If the company does announce what observers are expecting this week, SAP will go head–to-head with Salesforce.com, a leader in the CRM software-as-a-service market.
SAP AG appears poised to announce a software-as-a-service (SaaS) customer relationship management (CRM) application on Thursday at media events in California and New York.
Company officials declined to discuss the business model ahead of scheduled events. If SAP reports it will launch the service as expected, the German enterprise software giant will go head–to-head with Salesforce.com, a leader in the SaaS market.
George Hu, Salesforce.com senior vice president of applications, said the CRM company welcomes the news because it validates the market. "We've been saying all along that applications will move to on-demand, starting with CRM," Hu said. "This is defensive move by SAP. They've seen our momentum. We're penetrating some of their customers."
SAP's model will likely look similar to most SaaS applications today, "a simpler user interface sticking to the basics, quick to rollout, pay-as-you-go pricing," said Liz Herbert, analyst at Forrester Research Inc. "If I needed a solution this month, SAP's in a tight spot if they don't have an on-demand option that would take up to a few week to roll out, compared with an on-premise application that could take months, sometimes years."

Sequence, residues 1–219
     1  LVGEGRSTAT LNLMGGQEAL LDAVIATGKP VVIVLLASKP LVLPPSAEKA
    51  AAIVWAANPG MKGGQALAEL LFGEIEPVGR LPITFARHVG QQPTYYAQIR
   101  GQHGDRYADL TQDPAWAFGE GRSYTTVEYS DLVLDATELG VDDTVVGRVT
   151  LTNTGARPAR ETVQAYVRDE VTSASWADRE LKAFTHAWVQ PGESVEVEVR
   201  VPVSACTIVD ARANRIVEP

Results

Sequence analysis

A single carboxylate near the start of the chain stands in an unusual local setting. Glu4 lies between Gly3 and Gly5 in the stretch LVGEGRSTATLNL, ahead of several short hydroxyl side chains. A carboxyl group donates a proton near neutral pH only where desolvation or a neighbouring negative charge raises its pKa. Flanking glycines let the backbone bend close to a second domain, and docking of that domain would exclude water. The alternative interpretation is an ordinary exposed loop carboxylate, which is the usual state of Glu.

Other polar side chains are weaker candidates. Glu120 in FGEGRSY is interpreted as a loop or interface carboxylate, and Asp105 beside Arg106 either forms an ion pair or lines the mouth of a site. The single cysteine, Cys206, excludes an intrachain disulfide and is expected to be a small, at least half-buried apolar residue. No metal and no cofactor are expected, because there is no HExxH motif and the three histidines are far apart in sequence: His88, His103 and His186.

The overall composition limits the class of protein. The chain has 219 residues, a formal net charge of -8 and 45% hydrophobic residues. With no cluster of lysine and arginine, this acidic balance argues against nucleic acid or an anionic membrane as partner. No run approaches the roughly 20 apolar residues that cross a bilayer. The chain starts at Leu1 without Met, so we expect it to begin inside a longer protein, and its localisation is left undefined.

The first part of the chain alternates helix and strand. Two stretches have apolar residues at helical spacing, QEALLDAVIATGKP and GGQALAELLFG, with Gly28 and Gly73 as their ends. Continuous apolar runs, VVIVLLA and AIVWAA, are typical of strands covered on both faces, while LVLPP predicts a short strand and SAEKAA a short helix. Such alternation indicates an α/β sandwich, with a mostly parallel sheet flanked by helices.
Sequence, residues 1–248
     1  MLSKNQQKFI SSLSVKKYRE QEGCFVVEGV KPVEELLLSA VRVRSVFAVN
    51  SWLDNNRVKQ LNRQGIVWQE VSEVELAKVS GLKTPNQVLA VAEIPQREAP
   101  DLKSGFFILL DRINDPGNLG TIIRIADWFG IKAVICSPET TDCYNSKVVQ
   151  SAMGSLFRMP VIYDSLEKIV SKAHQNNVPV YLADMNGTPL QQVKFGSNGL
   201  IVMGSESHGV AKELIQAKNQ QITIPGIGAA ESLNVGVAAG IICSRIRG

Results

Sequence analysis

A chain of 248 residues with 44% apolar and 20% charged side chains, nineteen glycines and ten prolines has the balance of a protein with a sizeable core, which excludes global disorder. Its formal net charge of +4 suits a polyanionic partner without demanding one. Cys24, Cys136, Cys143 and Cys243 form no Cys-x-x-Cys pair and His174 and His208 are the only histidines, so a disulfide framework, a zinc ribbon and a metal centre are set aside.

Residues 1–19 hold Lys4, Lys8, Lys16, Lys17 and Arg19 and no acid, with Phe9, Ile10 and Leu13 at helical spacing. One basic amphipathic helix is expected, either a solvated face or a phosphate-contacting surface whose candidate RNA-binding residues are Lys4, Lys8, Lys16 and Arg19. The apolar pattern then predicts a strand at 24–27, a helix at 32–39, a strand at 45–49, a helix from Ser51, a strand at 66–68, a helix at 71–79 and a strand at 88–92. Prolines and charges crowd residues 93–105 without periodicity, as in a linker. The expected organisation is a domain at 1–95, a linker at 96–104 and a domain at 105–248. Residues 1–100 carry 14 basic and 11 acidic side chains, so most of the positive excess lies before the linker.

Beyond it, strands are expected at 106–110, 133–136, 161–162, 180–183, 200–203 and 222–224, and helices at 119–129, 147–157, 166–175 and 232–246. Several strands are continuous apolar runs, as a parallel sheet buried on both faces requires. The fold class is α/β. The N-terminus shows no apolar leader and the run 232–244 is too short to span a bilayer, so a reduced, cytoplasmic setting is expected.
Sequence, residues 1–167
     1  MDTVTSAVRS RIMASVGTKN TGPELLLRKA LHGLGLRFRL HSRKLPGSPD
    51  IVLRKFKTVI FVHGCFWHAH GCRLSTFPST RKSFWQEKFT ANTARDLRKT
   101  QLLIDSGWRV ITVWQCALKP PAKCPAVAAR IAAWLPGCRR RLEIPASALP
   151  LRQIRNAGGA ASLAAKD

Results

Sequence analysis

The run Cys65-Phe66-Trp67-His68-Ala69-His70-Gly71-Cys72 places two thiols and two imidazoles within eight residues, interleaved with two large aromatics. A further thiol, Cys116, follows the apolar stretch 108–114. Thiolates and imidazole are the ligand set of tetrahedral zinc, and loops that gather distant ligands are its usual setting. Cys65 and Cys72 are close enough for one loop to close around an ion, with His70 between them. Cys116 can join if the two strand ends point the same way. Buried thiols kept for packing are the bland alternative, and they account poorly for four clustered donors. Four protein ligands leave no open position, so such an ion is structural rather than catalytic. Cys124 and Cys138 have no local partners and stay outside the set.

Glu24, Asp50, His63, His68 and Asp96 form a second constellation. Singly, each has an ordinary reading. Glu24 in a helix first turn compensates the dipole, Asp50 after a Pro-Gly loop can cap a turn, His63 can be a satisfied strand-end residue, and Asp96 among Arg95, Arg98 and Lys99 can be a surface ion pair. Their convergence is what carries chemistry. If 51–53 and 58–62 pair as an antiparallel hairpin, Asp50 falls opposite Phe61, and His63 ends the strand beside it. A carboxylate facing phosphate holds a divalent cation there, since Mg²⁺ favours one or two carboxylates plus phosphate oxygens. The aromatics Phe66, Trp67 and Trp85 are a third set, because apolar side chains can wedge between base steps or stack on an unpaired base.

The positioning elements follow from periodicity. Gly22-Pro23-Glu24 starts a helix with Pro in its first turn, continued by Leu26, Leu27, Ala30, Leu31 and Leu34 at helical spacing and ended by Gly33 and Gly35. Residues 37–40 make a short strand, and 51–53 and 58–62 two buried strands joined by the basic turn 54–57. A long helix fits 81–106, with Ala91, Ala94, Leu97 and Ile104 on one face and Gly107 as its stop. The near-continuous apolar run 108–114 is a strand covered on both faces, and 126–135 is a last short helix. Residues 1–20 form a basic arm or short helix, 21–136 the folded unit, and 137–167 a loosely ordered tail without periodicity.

An SaaS CRM product allows SAP to serve small-and-medium size businesses, as easily as larger enterprises. It would give companies that don't need a huge complex CRM system to jump in easily.
Bill McDermott, chief executive officer at SAP Americas Inc., in an interview late last year said the ultimate SaaS platform is a "business process CRM" application that is easy to use, quick to deploy, competitively priced and, if required, available as a stepping stone to SAP myCRM. "Customers are not comfortable with their precious data in the hands of a small company that has a multi-tenant data center," he said. "They lack the functionality and specific features."
A clue as to the partnerships that might be formed to watch over customer data might reside in McDermott's comment that "customers are not comfortable with their precious data in the hands of a small company that has a multi-tenant data center." McDermott said customers should have options, laying several that might include SAP, customers, or a third-party, such as IBM Corp. or Hewlett-Packard & Co., hosting the data.
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